The coronavirus hasn’t put the brakes on Phoenix Bikes’ youth programming

Virginia

Its Earn-a-Bike program -- for students in middle and high school -- is training the next generation of bike mechanics and building confidence.

Noe Cuedra (left) is Phoenix Bikes business manager and a former Earn-a-Bike participant.

ARLINGTON, Va. (WDVM) — Phoenix Bikes offers full-service repairs and sells refurbished, used bikes at an affordable price. But it’s not just a business; it’s also a 501(c)3. 

The nonprofit promotes bicycling as an equitable, empowering mode of transportation, and the pandemic isn’t putting the brakes on the cycle. About 200 kids participate in Phoenix Bikes’ summer programs. This summer, however, Education Program Manager Raymond Duran says they reached about 30 to 40. “It’s really nice that we’re still reaching some,” said Duran. 

Its Earn-a-Bike program — for students in middle and high school — is training the next generation of bike mechanics and building confidence as students learn how to fix flat tires and adjust brakes over the course of about 25 hours. Following CDC guidelines, Phoenix Bikes hosts classes outdoors and masks are required. The sessions are split in half — only five students were enrolled in Tuesday’s session.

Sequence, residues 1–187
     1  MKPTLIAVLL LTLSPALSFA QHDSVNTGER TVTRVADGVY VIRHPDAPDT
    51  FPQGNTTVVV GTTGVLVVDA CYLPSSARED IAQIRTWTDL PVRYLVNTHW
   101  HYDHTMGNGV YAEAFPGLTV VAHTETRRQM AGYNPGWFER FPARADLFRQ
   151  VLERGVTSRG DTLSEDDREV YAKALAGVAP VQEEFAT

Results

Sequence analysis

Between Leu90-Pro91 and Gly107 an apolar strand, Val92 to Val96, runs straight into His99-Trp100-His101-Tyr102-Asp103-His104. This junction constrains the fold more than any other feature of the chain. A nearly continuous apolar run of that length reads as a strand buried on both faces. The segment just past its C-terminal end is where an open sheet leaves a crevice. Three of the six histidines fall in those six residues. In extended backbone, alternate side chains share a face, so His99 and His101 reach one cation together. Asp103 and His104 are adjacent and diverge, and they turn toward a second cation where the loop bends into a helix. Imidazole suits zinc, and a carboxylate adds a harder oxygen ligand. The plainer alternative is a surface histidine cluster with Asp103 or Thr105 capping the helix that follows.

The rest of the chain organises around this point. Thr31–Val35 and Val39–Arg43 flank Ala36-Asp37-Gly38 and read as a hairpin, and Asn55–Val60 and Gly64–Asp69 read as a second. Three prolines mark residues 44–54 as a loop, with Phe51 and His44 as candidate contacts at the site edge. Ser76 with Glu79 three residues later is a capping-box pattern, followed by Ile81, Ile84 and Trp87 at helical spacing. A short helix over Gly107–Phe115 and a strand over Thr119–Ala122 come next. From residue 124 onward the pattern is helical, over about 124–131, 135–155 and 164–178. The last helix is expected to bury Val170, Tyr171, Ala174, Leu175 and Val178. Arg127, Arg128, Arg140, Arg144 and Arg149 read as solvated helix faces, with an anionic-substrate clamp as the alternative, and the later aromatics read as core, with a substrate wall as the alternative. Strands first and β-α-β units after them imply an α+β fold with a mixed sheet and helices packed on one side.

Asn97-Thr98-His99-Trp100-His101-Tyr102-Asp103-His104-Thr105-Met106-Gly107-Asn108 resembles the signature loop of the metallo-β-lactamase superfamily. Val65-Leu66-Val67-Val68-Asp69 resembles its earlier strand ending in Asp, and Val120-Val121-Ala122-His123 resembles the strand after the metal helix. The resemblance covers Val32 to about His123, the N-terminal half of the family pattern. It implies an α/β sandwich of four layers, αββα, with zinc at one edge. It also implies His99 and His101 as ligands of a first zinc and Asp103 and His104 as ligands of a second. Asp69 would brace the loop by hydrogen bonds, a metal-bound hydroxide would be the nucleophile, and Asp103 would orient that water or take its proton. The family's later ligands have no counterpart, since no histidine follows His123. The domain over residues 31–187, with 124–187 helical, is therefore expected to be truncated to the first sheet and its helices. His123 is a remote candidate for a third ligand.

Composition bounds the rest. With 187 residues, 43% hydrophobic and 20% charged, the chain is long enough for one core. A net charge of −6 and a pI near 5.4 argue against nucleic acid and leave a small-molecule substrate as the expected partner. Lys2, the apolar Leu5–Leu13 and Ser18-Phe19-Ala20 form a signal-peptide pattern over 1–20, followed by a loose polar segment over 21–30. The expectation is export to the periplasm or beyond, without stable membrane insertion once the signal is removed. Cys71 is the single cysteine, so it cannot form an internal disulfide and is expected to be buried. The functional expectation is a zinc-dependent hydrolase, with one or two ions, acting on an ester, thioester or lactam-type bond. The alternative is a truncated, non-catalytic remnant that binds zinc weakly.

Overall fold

“While you’re learning the mechanic skills you’re really learning problem-solving skills. You’re solving puzzles all the time,” Duran said. And if they’re lucky, they’re learning from Noe Cuedra — Phoenix Bikes business manager and former Earn-a-Bike participant. 

“About eight years ago I got a flat on my bike and the nearest bike shop was Phoenix Bikes. I wasn’t able to afford a new tube that day so they showed me how to fix it,” Cuedra recalled. “I was a freshman in high school. I got my first job here when I was a junior and ever since then I’ve been involved. Moved up as the senior mechanic, then the assistant shop manager, and now I’m the business manager.” 

The program is even more valuable this fall as students aren’t spending their school day in the classroom. “You get to meet new students from different schools and seeing them growing up is exciting for me and just being a teacher, basically,” said Cuedra. 

Once they complete the program, they’ll have “earned a bike,” and maintaining it won’t break the bank. Plus, it’s a versatile way of getting around. “You kind of create your own schedule,” said Duran. “You don’t have to wait for the bus. You don’t have to sit in rush hour traffic. If one way home is kind of busy, you’re on a bike. You can take it anywhere you want.”

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